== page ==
Committee on Rules of the House of Representatives
“How much is the Rules Committee the handmaiden of the Speaker?” said Representative Porter J. Goss of Florida, a senior Republican on the panel. “The answer is, totally.”
The quote above very much describes the Committee on Rules of the House of Representatives. The Committee is quite important in that it controls what bills will come to the House Floor and what the terms of the debate will be.
There is a colloquial saying that the Rules Committee is told what to do by the Speaker and how to do it by the Parliamentarian. With the complexities of the House Rules and the control over floor action by the Speaker, this is a basically true statement.
For any bill coming to the floor “under a rule”, this special resolution is usually considered on a partisan basis — all those Members in the Majority are expected, and usually do, vote in favor and the Minority party opposes it in the same way.
Membership on the Rules Committee is carefully controlled by the Speaker, and the Chairman of the Committee is invariably a staunch ally. The ration of Majority to Minority Members is 9 to 4, which is double plus one, a decidedly lopsided majority, which assures votes on amendments offered by the Minority in Committee will always lose.
An important feature of a “rule” is its ability to amend the bill in question by a procedure known as a self-executing amendment. The language of the amendment the rule makes is “made in order as original text” to the underlying bill. Hence, when the rules is adopted by the House, it automatically changes the bill just before it is taken up for debate. This is referred to in section 315 of the Congressional Budget Act of 1974, which anticipates such amendments will be able to fix a budget violation. If it does, it will then under section 315, the point of order will no longer lie against the bill.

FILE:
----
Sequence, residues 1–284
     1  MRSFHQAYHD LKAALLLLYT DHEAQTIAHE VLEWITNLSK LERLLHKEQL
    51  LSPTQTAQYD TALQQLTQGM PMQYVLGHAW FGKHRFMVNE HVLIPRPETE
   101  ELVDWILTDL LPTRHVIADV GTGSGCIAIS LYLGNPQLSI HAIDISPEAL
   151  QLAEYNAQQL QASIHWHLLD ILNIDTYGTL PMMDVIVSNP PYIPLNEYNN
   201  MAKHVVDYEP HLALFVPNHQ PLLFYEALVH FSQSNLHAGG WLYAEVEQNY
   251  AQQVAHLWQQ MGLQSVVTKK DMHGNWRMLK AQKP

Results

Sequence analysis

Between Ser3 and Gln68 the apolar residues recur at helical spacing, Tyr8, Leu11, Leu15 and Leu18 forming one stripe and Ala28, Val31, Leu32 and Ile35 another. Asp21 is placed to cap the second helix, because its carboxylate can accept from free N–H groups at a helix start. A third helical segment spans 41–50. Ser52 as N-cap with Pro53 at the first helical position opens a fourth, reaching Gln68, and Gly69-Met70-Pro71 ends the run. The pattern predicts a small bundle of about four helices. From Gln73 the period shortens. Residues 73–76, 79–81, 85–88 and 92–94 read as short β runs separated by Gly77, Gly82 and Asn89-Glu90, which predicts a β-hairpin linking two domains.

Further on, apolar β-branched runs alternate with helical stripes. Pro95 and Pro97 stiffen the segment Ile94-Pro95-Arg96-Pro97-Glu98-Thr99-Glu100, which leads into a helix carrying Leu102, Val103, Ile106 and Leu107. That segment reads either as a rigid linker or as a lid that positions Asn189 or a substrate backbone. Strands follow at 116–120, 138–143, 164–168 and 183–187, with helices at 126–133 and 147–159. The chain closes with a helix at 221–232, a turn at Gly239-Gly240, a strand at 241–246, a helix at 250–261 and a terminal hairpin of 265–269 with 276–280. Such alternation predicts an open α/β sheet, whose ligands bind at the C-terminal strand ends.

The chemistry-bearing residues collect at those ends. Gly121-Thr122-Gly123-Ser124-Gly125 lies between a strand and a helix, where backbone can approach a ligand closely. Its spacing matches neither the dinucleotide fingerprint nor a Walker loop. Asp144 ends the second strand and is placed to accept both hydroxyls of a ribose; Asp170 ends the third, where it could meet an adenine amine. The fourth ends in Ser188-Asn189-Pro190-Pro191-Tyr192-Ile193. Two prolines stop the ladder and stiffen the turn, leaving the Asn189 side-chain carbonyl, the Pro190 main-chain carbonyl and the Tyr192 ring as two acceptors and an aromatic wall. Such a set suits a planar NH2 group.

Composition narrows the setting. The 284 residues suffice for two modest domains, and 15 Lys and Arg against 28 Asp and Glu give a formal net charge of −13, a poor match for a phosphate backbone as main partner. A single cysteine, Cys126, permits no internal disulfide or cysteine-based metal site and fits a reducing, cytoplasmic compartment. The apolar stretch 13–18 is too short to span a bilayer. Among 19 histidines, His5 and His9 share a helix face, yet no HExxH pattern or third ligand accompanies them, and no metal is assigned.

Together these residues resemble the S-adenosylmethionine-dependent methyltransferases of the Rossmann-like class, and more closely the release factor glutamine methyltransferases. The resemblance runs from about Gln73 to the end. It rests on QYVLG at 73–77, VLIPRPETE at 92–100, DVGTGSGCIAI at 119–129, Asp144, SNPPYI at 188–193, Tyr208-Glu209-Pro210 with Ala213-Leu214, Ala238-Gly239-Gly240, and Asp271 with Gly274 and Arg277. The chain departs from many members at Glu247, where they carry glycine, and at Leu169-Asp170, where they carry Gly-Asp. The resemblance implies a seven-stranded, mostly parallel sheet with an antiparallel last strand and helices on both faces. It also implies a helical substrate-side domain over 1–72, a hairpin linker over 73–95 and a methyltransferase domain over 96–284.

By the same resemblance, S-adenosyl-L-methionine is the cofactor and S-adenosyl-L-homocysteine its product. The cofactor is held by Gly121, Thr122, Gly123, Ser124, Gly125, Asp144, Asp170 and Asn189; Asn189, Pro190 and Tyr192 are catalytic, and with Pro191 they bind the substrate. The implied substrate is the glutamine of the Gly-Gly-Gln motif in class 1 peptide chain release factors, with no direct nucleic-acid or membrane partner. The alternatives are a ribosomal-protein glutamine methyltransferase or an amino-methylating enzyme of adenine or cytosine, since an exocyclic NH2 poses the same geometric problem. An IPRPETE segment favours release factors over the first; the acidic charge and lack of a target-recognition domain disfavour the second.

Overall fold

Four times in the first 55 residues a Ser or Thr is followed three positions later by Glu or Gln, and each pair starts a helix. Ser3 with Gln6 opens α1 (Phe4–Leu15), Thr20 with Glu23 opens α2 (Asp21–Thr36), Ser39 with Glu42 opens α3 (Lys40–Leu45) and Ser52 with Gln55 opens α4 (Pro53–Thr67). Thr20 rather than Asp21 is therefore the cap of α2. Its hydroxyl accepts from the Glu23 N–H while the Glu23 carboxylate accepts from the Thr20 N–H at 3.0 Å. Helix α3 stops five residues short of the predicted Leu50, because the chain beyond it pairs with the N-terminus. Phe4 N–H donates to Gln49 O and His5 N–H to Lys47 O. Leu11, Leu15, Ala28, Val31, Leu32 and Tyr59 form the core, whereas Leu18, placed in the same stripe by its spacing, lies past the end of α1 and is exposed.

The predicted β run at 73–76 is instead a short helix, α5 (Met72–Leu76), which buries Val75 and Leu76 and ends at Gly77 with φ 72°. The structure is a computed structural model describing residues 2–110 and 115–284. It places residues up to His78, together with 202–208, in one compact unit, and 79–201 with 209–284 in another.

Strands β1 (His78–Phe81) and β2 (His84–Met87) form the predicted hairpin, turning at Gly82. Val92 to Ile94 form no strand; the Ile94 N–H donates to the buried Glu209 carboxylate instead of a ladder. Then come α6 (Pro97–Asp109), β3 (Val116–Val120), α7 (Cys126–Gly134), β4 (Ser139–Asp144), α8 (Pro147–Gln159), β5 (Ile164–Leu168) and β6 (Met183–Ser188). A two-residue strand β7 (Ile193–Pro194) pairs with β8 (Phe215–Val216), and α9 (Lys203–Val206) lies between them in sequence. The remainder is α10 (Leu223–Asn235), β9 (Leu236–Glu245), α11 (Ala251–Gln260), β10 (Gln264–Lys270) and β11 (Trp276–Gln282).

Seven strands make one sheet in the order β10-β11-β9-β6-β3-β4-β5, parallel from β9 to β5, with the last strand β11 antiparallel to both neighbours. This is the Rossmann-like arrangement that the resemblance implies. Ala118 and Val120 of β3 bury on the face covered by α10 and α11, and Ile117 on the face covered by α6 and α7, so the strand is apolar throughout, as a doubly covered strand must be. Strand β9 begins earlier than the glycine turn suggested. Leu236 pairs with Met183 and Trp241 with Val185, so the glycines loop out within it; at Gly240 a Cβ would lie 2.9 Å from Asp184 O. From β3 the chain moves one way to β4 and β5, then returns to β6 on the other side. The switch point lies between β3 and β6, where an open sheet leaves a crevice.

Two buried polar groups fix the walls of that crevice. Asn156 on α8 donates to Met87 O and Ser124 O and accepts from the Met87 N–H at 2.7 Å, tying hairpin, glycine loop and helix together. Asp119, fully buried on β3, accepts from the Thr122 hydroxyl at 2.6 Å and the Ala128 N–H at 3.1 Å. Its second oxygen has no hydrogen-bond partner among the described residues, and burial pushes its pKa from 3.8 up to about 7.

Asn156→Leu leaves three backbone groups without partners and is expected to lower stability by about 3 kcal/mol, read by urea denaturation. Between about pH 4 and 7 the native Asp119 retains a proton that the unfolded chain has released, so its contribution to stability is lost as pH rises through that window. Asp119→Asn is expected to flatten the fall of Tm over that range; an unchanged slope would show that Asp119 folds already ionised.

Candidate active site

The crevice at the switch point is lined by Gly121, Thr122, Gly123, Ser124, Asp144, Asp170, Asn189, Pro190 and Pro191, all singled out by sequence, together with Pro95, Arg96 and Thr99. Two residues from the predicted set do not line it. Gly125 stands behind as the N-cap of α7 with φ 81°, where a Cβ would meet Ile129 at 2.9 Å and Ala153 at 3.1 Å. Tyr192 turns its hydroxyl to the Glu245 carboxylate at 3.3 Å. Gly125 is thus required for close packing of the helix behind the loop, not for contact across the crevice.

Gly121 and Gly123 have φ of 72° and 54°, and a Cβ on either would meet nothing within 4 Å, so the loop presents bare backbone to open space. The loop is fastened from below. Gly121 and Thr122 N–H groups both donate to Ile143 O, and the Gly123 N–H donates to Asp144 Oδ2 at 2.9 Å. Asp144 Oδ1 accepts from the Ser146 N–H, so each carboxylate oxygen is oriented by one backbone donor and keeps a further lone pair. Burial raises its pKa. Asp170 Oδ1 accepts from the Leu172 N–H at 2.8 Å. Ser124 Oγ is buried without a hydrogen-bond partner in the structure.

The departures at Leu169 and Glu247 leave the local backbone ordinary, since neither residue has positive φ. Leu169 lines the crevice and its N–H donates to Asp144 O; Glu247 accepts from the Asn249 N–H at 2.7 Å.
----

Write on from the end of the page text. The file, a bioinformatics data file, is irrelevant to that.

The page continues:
Certain noncontroversial bills are considered under what is known as the “suspension calendar” and are usually quickly debated and passed. These bills do not pass through the Rules Committee and are handled largely outside of the Rules Committee.
Jurisdiction – From Rule X of the Rules of the House:
(o) Committee on Rules.
(1) Rules and joint rules (other than those relating to the Code of Official Conduct) and the order of business of the House.
(2) Recesses and final adjournments of Congress.
This committee, which had existed as a select committee from 1789, became a standing committee in 1880 (IV, 4321; VII, 2047). The jurisdiction defined in this paragraph became effective January 2, 1947, as a part of the Legislative Reorganization Act of 1946 (60 Stat. 812). Clerical and stylistic changes were effected when the House recodified its rules in the 106th Congress, including the deletion of a redundant undesignated paragraph permitting the committee to sit during sessions of the House (H. Res. 5, Jan. 6, 1999, p. 47). That undesignated paragraph, originally designated as subparagraph (3) (H. Res. 5, Jan. 5, 1993, p. 49), was derived from section 134(c) of the Legislative Reorganization Act of 1946, even though the committee had authority to sit during sessions of the House since 1893 (IV, 4546). Effective January 3, 1975, however, the authority for all committees to sit and act whether the House is in session or has adjourned rendered this provision obsolete (H. Res. 988, 93d Cong., Oct. 8, 1974, p. 34470).
The Speaker was first made a member of the committee in 1858 (IV, 4321), and ceased to be a member on March 19, 1910 (VII, 2047). However, the Legislative Reorganization Act of 1946 deleted from the former rule the prohibition against the Speaker serving on the committee. The size of the committee was increased from 12 to 15 members for the 87th Congress (Jan. 31, 1961, p. 1589), and the increase in the committee’s size was incorporated as a part of the rules in the 88th Congress (Jan. 9, 1963, p. 14). Effective January 3, 1975, however, the rules were amended to eliminate prescriptions of committee sizes (H. Res. 988, 93d Cong., Oct. 8, 1974, p. 34470), and in the 94th through the 98th Congresses 16 Members were named to the committee on nominations from the respective party caucuses (see, e.g., H. Res. 76, Jan. 20, 1975, p. 803; H. Res. 101, Jan. 28, 1975, p. 1611), and in the 99th through 101st Congresses, 13 Members were so named to the committee (see, e.g., H. Res. 34, 35, Jan. 30, 1985, pp. 1271, 1273).